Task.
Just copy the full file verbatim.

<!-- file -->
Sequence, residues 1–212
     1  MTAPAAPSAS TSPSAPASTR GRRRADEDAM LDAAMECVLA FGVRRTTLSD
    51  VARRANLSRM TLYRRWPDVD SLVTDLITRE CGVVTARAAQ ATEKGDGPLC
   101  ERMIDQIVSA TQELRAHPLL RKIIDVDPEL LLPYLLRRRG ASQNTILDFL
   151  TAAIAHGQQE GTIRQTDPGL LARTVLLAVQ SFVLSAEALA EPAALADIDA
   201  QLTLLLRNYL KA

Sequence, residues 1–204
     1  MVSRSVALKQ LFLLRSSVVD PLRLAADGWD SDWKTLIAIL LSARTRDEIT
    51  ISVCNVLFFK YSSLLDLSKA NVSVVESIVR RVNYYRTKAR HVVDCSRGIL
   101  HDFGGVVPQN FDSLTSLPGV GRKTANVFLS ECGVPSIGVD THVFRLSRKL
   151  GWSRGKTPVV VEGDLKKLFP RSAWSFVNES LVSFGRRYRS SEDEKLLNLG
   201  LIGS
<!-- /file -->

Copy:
Sequence, residues 1–212
     1  MTAPAAPSAS TSPSAPASTR GRRRADEDAM LDAAMECVLA FGVRRTTLSD
    51  VARRANLSRM TLYRRWPDVD SLVTDLITRE CGVVTARAAQ ATEKGDGPLC
   101  ERMIDQIVSA TQELRAHPLL RKIIDVDPEL LLPYLLRRRG ASQNTILDFL
   151  TAAIAHGQQE GTIRQTDPGL LARTVLLAVQ SFVLSAEALA EPAALADIDA
   201  QLTLLLRNYL KA

Sequence, residues 1–204
     1  MVSRSVALKQ LFLLRSSVVD PLRLAADGWD SDWKTLIAIL LSARTRDEIT
    51  ISVCNVLFFK YSSLLDLSKA NVSVVESIVR RVNYYRTKAR HVVDCSRGIL
   101  HDFGGVVPQN FDSLTSLPGV GRKTANVFLS ECGVPSIGVD THVFRLSRKL
   151  GWSRGKTPVV VEGDLKKLFP RSAWSFVNES LVSFGRRYRS SEDEKLLNLG
   201  LIGS